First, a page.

When I launched my blog as a sophomore in college I had no clue what I was doing. I never thought that my silly blog would be something thousands of people read....or something I could turn into a business. I started my blog with no knowledge. Here are a few mistakes I made as a beginner blogger that could save you some time and money. AND grow your community quicker.
1) Take the time & understand SEO Basics
I jumped into my blog as a naive college student. I didn't think I would actually make a business out of it. Since I was blogging for fun I just jumped in and began writing. I didn't take the time to understand the basics of SEO. SEO is tricky and to be honest I don't fully understand it. I probably never will. And it's always changing which makes it a challenge. However, after two years of blogging I started learning the basics of SEO and saw how my traffic could be positively impacted with a few minor changes to my pages, keywords, and such. Had I learned this in the beginning....1)it would've saved me a lot of time and 2) my blog might have taken off sooner! Instead I had to spend about a week going through old posts to amp up the SEO. It was tedious and not something I'd recommend. Start off strong and understand SEO.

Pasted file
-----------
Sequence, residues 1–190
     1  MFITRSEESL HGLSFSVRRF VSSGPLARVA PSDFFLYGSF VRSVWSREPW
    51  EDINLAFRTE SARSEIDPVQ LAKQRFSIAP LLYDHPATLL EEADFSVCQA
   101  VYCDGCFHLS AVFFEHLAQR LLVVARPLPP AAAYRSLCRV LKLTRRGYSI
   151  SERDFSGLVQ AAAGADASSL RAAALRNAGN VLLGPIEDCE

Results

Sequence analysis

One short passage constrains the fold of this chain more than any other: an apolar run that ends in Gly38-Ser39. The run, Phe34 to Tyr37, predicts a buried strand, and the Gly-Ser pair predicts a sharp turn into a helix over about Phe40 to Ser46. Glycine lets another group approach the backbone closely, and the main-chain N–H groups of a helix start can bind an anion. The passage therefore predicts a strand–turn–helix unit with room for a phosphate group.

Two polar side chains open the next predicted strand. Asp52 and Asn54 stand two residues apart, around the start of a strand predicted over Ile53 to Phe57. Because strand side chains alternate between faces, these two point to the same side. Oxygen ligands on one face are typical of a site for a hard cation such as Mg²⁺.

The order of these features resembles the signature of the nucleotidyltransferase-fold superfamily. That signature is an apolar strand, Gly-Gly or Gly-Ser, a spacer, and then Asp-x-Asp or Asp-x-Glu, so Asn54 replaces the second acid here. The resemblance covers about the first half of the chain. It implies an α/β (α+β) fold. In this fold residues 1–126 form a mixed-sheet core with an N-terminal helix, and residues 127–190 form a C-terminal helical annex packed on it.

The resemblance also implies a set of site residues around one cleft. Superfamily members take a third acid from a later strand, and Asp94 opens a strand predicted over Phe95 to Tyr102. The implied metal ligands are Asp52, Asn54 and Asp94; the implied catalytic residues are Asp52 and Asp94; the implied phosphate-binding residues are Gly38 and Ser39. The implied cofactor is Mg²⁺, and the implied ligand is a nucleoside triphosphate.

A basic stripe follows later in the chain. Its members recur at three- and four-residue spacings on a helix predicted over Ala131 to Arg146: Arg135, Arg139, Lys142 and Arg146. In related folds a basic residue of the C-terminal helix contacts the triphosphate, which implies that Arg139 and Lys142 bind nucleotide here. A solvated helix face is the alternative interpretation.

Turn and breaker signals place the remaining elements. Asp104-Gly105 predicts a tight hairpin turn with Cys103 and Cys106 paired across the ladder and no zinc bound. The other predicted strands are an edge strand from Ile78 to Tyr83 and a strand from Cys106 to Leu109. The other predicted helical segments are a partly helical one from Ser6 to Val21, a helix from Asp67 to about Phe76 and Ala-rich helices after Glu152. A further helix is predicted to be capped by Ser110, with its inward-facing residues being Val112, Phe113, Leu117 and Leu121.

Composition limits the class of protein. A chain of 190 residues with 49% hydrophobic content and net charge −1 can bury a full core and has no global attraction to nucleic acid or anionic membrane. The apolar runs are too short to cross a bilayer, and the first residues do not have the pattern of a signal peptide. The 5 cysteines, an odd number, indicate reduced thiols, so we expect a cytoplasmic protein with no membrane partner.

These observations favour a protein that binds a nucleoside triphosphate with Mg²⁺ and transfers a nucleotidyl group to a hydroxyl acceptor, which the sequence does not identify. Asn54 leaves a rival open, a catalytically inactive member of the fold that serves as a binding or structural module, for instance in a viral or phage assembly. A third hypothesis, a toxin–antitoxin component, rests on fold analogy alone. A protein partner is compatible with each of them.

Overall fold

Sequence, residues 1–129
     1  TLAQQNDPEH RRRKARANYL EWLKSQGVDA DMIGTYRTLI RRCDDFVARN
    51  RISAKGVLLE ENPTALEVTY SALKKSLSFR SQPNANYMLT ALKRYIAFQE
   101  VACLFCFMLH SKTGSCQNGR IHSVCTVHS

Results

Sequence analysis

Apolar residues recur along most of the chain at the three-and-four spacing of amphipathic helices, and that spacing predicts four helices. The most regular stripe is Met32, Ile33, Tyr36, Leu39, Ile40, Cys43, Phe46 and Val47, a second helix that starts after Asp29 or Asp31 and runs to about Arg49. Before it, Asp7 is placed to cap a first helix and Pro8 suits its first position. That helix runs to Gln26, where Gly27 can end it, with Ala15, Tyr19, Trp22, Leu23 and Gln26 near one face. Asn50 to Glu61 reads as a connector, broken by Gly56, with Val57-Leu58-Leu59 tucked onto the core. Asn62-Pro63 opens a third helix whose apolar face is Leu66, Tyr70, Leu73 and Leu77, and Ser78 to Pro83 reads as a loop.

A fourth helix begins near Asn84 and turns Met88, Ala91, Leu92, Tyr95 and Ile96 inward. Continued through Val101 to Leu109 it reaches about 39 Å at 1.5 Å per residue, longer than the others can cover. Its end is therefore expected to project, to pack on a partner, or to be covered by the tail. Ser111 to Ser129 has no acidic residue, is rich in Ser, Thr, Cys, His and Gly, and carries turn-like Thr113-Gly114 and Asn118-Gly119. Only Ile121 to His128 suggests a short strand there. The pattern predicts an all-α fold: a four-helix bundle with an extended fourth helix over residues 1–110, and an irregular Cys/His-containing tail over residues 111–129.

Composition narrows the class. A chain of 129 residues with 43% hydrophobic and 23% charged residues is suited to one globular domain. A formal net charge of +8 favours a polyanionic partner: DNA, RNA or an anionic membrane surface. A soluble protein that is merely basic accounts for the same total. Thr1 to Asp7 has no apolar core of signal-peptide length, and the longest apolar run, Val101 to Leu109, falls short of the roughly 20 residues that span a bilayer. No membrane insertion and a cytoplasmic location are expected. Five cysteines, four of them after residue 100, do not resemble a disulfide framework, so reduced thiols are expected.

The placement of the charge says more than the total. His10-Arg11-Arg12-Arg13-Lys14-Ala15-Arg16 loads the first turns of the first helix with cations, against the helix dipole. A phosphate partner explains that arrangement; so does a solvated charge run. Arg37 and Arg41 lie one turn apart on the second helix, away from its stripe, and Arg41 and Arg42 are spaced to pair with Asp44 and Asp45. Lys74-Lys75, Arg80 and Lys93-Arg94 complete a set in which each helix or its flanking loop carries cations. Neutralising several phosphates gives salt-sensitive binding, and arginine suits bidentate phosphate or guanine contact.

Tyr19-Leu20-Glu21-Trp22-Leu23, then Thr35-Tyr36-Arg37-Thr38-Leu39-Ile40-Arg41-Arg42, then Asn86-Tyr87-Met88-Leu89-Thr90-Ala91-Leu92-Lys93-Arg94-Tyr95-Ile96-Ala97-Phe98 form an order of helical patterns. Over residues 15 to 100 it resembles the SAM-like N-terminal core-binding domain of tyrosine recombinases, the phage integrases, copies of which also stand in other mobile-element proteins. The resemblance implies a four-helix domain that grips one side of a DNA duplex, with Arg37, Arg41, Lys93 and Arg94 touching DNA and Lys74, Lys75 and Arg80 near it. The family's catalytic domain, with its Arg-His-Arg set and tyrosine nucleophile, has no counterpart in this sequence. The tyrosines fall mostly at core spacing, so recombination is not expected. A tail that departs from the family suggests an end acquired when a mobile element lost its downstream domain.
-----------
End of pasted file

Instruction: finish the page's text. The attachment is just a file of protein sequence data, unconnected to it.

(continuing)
2) Broader is better.
When I first launched my blog I was only writing about social impact. My original thought was to capture this niche market and create an educational platform about social impact. However, when I expanded into writing about other topics this brought more people to my website and created higher engagement. By expanding my content topics I was able to grow my community.
3) Recognize the Power of Pinterest
When I launched my blog I only focused on Instagram and Facebook. Mainly because those were the main platforms I used as a college student. I failed to recognize the power of Pinterest and other click through social medias like Tumblr. While Facebook and Instagram are great for growing a community, they are not always great for web traffic. Pinterest is like the gift that keeps on giving. People share your links with their network, reshare, and so on. And Pins are a direct link to your site. If you think about Instagram (unless you tag product) you're really just posting a picture and if a follower wants to learn more they have to go to your profile, find your link, and click through. That's a lot of work for our short attention spans and most likely your followers aren't going to that. However, Pinterest is built for click through links and designed to send traffic directly to your website. I'm still working to improve my Pinterest because of what I've learned recently! If you wanna give me a follow :) here it is, haha!
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